March 2014: Avoiding nutritional aggression

Aggression is a feature on many pig farms, both in the rearing and breeding herd, and the cause of significant economic loss as well as great frustration on behalf of the producer. Potential causes worthy of mention include environment, health, stocking density and feeder space, before focusing on the more esoteric area of nutrition.

There are two types of hunger – physical and nutritional. Physical hunger is what we experience if deprived of food for a protracted period of time. From the pig’s perspective, it can also be a lack of feeder space and difficulty in getting the gut fill and comfort factor they’re looking for.

If an animal’s hungry and denied access to feed in front of it, its parasympathetic nervous system (PNS) has already ‘fired up’ the stomach to be ready for digestion. The first sight, smell and taste of feed stimulate the hypothalamus in the brain and delivers a message to the stomach via the vagus nerve to produce gastric juices.

If feed then enters the stomach, it becomes distended and more gastric juice, which is predominantly hydrochloric acid, is produced until such a point where the pH is too low. At this point juice secretion is reduced and the stomach has expanded to a degree where the vagus nerve tells the brain to stop eating. Denial of this process can lead to frustration, which can furthermore lead to behavioural vice. So access to feed or gut fill is essential.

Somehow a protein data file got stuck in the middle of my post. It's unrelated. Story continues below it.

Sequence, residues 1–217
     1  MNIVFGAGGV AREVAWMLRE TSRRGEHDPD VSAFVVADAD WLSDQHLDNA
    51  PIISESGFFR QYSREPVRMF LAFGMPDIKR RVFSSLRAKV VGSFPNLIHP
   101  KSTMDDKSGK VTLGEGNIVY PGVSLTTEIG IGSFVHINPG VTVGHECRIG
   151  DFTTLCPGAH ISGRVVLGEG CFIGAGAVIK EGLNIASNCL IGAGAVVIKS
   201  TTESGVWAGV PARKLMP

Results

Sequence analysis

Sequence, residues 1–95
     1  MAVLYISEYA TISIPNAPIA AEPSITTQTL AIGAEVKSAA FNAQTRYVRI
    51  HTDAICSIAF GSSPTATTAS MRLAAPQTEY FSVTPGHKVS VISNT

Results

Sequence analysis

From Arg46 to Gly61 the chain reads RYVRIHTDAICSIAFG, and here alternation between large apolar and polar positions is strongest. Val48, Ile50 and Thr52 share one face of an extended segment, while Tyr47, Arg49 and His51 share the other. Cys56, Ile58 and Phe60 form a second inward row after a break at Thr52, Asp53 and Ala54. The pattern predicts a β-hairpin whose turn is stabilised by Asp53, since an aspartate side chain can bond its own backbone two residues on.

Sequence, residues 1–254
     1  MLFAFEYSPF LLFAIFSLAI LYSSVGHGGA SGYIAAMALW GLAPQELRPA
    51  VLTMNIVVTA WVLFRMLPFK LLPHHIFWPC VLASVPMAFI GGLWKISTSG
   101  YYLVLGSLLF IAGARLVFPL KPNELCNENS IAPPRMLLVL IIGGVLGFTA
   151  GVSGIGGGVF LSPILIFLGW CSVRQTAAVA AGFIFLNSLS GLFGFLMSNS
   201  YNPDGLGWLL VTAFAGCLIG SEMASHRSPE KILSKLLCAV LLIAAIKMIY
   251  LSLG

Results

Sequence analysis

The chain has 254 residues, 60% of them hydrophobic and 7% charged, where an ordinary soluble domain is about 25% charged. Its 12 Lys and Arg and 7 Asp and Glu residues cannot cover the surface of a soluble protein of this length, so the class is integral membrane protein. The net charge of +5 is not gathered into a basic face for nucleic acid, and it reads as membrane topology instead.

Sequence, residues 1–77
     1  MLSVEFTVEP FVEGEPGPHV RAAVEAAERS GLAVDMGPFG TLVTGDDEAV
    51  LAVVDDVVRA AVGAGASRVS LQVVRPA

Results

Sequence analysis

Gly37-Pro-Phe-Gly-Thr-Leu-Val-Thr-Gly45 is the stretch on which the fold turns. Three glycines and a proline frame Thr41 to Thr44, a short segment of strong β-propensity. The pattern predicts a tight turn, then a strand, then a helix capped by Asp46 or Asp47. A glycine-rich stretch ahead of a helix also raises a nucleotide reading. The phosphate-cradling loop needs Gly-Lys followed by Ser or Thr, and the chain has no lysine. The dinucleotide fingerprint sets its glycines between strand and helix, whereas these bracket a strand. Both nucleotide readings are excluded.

Nutritional hunger is different and happens when the nutritional quality of the diet is insufficient to meet the pig’s physiological needs, even though the quantity of feed is sufficient to meet physical hunger. This could be caused by using low digestive value feed components to meet cost criteria. Feeding an unbalanced diet can cause the animal to search for the missing nutritional components of the diet within its immediate surroundings. When this can’t be reconciled, the levels of frustration and vice occur again.

So, the correct density diet combined with access to feed is essential in order to reduce stress that could lead to aggression.

To complicate matters more, there has been an increasing problem with gastric ulceration. This is where the mucosal lining of the stomach has been compromised and the impact of stomach acid on this region of tissue leads to pain and discomfort. If access to feed is denied and the preliminary stages of gastric juice secretion have taken place, the animal has little option but to vent its frustration.

There are products that can help manage acid secretion that are used widely in the cattle industry to control rumen pH – effectively antacids. There are other nutritional techniques that can be applied to control brain chemistry. But by far the best route is to ensure good access to the most nutritionally correct diet and then fine tune thereafter. This way the risk of stress and aggression caused by nutritional factors can be prevented.

> Born in Essex, schooled in Suffolk and a graduate of Reading University, Dr Phil Baynes has spent his career in pig welfare and nutrition. Now based in Cheshire, he runs Baynes Nutrition and is a consultant nutritionist to Provimi

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